Retinal metric: A stimulus distance measure derived from population neural responses

Gašper Tkačik, Einat Granot-Atedgi, Ronen Segev, Elad Schneidman

Research output: Contribution to journalArticlepeer-review

10 Scopus citations


The ability of an organism to distinguish between various stimuli is limited by the structure and noise in the population code of its sensory neurons. Here we infer a distance measure on the stimulus space directly from the recorded activity of 100 neurons in the salamander retina. In contrast to previously used measures of stimulus similarity, this "neural metric" tells us how distinguishable a pair of stimulus clips is to the retina, based on the similarity between the induced distributions of population responses. We show that the retinal distance strongly deviates from Euclidean, or any static metric, yet has a simple structure: we identify the stimulus features that the neural population is jointly sensitive to, and show the support-vector-machine- like kernel function relating the stimulus and neural response spaces. We show that the non-Euclidean nature of the retinal distance has important consequences for neural decoding.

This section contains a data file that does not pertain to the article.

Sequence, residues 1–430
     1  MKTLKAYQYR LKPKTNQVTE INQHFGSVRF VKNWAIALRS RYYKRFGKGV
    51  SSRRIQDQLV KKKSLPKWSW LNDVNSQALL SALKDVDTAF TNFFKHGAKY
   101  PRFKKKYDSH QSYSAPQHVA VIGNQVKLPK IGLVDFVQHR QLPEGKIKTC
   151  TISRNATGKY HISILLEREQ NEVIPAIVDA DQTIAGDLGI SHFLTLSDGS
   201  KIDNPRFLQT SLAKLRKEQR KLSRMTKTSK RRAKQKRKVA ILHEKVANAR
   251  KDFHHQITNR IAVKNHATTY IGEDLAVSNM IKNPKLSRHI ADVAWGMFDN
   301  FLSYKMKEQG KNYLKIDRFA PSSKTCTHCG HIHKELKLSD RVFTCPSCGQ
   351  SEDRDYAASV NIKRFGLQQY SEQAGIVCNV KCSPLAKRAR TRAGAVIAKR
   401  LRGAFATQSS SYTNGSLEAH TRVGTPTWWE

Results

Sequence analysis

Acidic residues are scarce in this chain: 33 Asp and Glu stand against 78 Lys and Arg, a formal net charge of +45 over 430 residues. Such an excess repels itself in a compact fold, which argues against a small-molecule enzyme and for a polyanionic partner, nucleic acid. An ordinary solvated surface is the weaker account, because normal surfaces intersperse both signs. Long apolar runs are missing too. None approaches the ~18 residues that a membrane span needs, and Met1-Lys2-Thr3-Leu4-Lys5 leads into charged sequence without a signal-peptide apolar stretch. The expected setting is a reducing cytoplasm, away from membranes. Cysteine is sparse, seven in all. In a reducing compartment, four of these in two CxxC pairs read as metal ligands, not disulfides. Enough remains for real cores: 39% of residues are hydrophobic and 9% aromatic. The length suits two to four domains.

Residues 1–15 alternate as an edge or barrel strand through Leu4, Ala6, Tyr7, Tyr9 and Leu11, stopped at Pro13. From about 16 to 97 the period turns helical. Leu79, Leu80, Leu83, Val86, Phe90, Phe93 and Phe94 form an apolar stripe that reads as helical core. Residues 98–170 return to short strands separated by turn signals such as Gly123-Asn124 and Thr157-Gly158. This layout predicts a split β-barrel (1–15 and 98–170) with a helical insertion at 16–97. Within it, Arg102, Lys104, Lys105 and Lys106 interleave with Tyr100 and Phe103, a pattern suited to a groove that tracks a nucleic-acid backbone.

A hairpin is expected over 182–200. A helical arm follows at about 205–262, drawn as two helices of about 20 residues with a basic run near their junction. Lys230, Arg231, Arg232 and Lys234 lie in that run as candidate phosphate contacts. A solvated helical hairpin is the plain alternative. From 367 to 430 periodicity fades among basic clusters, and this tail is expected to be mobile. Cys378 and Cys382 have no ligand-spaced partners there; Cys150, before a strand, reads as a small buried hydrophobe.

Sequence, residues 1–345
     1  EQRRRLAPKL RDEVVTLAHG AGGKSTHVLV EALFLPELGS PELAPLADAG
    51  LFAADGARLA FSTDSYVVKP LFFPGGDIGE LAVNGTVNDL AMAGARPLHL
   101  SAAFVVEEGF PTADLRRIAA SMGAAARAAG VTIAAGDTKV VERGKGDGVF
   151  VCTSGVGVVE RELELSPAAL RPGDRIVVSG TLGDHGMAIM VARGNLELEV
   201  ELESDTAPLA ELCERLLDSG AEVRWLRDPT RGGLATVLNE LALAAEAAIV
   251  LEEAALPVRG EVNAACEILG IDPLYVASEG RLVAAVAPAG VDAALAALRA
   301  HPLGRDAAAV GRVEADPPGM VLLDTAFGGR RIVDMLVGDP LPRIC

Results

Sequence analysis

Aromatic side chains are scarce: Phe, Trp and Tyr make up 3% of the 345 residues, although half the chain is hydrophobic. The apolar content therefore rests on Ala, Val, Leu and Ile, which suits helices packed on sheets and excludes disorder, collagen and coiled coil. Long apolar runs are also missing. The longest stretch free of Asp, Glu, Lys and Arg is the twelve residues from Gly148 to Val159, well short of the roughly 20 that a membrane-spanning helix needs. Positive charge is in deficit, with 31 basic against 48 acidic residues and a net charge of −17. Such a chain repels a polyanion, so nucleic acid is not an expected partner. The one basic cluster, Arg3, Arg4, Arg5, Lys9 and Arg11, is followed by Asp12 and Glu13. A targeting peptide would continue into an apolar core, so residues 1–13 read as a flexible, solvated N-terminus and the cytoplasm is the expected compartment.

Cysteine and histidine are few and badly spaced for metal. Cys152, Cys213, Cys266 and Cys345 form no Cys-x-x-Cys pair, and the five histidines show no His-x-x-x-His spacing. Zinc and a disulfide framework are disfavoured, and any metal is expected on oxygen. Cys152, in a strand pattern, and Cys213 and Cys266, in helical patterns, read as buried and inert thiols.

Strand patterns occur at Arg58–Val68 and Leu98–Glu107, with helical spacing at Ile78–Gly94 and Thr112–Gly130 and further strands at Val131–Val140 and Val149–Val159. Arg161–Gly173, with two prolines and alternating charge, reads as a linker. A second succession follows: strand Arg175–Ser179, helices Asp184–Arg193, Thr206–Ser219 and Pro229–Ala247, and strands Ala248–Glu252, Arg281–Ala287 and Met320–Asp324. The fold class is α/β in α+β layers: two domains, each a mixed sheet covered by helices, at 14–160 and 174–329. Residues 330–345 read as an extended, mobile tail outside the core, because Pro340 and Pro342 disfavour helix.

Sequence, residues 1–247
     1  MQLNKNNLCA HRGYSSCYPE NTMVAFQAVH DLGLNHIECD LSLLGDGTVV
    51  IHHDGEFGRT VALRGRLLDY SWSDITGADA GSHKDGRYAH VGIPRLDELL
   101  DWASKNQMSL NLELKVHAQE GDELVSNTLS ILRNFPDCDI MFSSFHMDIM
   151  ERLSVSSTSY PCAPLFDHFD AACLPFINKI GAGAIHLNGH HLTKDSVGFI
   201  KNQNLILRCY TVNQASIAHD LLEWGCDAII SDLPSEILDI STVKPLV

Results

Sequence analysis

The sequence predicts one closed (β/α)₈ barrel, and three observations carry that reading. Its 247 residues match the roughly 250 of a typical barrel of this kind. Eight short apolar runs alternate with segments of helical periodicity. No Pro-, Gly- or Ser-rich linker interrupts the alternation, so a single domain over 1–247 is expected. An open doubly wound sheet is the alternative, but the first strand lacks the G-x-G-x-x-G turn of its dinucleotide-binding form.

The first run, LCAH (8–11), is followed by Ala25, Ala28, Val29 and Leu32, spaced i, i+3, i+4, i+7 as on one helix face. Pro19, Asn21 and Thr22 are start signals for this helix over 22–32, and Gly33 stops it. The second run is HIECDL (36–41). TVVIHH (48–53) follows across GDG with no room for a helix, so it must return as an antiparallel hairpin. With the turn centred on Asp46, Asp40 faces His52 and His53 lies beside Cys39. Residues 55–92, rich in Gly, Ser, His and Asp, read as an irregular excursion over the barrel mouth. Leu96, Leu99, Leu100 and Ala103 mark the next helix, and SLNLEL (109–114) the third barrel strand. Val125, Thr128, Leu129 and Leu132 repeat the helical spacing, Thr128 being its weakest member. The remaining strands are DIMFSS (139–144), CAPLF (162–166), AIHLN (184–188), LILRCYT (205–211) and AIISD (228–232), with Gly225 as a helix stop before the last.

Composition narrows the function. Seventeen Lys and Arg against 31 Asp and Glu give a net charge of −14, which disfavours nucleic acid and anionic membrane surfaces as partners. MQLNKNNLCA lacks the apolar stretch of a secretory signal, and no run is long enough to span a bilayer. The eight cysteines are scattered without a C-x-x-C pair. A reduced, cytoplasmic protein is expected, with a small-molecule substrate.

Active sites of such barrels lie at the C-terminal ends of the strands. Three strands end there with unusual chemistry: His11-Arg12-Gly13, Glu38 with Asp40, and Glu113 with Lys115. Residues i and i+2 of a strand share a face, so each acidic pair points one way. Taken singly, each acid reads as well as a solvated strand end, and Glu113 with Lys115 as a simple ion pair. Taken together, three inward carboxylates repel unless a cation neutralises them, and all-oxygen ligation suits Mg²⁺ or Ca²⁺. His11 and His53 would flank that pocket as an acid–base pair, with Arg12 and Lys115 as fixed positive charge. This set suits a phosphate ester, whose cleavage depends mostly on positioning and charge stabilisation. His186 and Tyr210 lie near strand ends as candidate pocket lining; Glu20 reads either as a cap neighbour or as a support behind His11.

Original languageEnglish
Article number058104
JournalPhysical Review Letters
Issue number5
StatePublished - 28 Jan 2013

ASJC Scopus subject areas

  • General Physics and Astronomy


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